A driver's consent to a breath or blood test must be free and voluntary–i.e., free from physical or psychological pressure from law enforcement. Meekins v. State, 340 S.W.3d 454, 458–59 (Tex.Crim.App.2011). In order to determine whether consent was given voluntarily, the fact-finder must consider the totality of the circumstances. Id. at 459. “The trial judge must conduct a careful sifting and balancing of the unique facts and circumstances of each case in deciding whether a particular consent to search was voluntary or coerced.” Id. “Accordingly, it follows that, because the fact finder must consider all of the evidence presented, no one statement or action should automatically amount to coercion such that consent is involuntary–it must be considered in the totality.” Fienen v. State, 390 S.W.3d 328, 333 (Tex.Crim.App.2012).
Before an officer may request a breath or blood sample from a person arrested for DWI, the officer is required to inform the person that a refusal to provide a specimen (1) may be admissible in subsequent prosecution and (2) will result in an automatic driver's license suspension. Tex. Transp. Code Ann. § 724.015(1), (2); Schaum v. State, 833 S.W.2d 644, 646 (Tex.App.–Dallas 1992, no pet.). These warnings emphasize the importance of ensuring that the consent is “made freely, and with a correct understanding of the statutory consequences of refusal.” State v. Amaya, 221 S.W.3d 797, 800 (Tex.App.–Fort Worth 2007, pet. ref'd) (citing Erdman v. State, 861 S.W.2d 890, 893 (Tex.Crim.App.1993), overruled on other grounds by Fienen, 390 S.W.3d at 335).
While the court of criminal appeals has not directly addressed the question of whether the DIC–24 statutory warnings are inherently coercive, the court has considered whether extra-statutory warnings—warnings that exceed the required DIC–24 statutory warnings–are inherently coercive. See Fienen, 390 S.W.3d at 335; Erdman, 861 S.W.2d at 893–94. In Fienen, the court of criminal appeals held that extra-statutory warnings are not inherently coercive but that any coercive effect of warnings should be determined by considering the totality of the circumstances in each particular case, holding,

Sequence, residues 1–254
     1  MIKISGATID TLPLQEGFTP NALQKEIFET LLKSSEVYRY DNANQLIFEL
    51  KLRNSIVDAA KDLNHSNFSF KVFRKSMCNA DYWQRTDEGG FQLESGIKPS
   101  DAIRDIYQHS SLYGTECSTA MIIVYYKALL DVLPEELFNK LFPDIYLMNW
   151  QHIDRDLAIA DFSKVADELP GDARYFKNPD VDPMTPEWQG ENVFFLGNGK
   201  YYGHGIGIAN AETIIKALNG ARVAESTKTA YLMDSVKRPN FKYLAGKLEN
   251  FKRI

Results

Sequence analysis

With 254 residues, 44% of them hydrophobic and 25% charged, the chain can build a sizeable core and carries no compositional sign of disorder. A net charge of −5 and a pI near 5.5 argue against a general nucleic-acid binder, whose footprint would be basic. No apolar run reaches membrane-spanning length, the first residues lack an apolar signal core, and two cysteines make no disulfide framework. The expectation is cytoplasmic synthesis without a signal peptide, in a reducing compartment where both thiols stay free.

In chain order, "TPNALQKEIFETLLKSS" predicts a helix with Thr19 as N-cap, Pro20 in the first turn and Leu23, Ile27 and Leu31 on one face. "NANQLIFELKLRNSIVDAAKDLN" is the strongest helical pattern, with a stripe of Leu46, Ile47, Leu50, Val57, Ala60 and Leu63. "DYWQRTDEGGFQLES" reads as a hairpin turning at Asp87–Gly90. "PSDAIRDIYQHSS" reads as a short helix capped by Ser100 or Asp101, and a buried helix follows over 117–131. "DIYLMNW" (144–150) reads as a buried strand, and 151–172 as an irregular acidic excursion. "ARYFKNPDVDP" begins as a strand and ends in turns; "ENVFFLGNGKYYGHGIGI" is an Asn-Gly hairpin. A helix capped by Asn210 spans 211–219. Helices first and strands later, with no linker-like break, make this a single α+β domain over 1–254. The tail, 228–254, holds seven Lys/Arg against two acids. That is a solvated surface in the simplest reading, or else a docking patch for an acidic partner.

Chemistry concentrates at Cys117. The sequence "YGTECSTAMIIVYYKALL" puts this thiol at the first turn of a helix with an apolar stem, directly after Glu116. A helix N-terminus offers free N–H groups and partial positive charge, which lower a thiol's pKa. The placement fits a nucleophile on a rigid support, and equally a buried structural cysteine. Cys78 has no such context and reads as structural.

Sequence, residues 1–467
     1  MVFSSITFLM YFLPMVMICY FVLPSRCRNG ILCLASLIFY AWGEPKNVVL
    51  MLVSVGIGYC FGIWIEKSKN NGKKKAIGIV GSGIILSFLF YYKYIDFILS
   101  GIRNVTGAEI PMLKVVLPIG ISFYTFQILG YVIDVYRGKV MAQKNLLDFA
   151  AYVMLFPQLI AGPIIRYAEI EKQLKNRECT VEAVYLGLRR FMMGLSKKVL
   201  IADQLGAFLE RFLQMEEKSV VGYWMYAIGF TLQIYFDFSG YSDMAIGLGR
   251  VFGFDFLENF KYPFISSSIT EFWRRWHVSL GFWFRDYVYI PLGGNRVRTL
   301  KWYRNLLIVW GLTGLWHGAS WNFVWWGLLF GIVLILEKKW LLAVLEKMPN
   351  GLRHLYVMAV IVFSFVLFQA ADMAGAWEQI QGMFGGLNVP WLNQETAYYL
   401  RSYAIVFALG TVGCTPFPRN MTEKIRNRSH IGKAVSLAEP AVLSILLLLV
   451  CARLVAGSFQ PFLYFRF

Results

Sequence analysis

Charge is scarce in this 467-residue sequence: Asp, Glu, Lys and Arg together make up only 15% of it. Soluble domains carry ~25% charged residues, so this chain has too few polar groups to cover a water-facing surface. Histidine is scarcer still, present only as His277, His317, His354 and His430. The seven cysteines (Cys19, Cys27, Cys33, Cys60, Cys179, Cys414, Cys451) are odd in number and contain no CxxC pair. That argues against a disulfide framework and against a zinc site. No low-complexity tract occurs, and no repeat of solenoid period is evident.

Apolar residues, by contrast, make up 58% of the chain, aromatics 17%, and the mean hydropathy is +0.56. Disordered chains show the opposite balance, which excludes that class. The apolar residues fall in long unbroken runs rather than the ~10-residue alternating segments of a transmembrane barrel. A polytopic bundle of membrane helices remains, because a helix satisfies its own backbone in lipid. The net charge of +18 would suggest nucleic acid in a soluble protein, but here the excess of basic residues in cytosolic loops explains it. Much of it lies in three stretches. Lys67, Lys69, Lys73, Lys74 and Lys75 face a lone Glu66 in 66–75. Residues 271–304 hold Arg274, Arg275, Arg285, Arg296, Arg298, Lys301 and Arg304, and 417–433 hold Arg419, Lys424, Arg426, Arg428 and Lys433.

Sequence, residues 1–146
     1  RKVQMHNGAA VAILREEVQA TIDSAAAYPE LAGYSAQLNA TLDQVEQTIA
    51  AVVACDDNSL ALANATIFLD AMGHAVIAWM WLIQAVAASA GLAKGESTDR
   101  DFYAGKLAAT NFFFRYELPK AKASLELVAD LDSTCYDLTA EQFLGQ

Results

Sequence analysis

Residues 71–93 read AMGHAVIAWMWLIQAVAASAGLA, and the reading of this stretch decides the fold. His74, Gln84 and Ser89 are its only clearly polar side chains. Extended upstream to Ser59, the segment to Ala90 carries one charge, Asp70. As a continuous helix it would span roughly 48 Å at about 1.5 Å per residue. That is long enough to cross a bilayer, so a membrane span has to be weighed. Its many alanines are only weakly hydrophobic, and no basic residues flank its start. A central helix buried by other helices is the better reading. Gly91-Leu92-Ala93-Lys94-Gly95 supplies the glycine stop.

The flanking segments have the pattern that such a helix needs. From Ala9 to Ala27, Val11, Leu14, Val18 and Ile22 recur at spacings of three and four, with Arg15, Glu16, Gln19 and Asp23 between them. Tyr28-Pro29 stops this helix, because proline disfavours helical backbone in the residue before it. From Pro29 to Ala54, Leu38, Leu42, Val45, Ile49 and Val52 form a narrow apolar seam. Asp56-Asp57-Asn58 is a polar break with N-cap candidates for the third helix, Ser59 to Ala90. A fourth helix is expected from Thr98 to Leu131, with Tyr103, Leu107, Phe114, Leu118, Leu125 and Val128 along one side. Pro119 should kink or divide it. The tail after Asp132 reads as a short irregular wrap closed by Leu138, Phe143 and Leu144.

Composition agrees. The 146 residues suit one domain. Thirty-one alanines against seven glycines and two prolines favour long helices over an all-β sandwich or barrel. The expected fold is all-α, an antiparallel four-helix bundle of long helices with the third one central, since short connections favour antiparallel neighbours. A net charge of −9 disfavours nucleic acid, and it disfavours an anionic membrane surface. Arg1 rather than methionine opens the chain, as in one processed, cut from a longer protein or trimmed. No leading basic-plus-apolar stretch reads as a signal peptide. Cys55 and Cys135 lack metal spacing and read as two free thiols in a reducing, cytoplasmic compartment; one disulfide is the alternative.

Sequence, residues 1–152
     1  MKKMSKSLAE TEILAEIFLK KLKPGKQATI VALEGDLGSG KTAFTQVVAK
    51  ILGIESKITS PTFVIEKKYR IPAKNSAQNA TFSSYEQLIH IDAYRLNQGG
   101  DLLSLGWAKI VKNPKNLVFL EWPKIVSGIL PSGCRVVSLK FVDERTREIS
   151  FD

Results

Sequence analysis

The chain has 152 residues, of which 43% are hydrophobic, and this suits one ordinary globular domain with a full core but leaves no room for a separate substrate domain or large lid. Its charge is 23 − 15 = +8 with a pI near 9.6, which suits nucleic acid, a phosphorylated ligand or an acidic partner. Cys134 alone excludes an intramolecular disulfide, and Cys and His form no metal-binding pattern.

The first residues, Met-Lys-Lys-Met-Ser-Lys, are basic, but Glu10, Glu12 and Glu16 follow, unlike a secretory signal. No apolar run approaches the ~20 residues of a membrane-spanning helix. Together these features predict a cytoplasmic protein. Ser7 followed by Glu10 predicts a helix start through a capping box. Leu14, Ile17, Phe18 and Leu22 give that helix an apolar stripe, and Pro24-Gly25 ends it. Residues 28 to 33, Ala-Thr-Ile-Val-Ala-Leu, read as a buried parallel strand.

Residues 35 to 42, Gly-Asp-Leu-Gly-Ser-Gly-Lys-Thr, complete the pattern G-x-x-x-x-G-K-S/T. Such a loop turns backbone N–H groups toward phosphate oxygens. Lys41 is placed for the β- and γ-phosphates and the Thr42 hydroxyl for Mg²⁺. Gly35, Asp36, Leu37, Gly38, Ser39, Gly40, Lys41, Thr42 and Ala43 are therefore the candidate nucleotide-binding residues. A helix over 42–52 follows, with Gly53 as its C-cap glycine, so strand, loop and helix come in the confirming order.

․No statement–whether it refers to the consequences of refusing a breath test, the consequences of passing or failing a breath test, or otherwise–should be analyzed in isolation because its impact can only be understood when the surrounding circumstances are accounted for.
․Although [the officer] conveyed what would happen in more definite terms than suggested by the (present) statute, she provided only the most basic information and did not linger or prolong the exchange by explaining in detail the intricacies of obtaining the search warrant (e.g., that the blood search warrant must be approved by a neutral and impartial magistrate and that the judge may sign the search warrant only if he believes that it is supported by probable cause).
390 S.W.3d at 335–36 (holding that under the totality of circumstances, the statements made by the officer were not coercive, “and if anything, Appellant had greater information on which to base his decision.”).
Comparing the case at bar to Fienen, if the giving of the DIC–24 warnings plus the extra-statutory warnings present in Fienen were not inherently coercive, then the statutory warnings standing alone could not be inherently coercive. Applying Fienen, we hold that the giving of the DIC–24 warnings is not inherently coercive and does not violate the Fourth Amendment. We overrule Bucaro's first and third issues.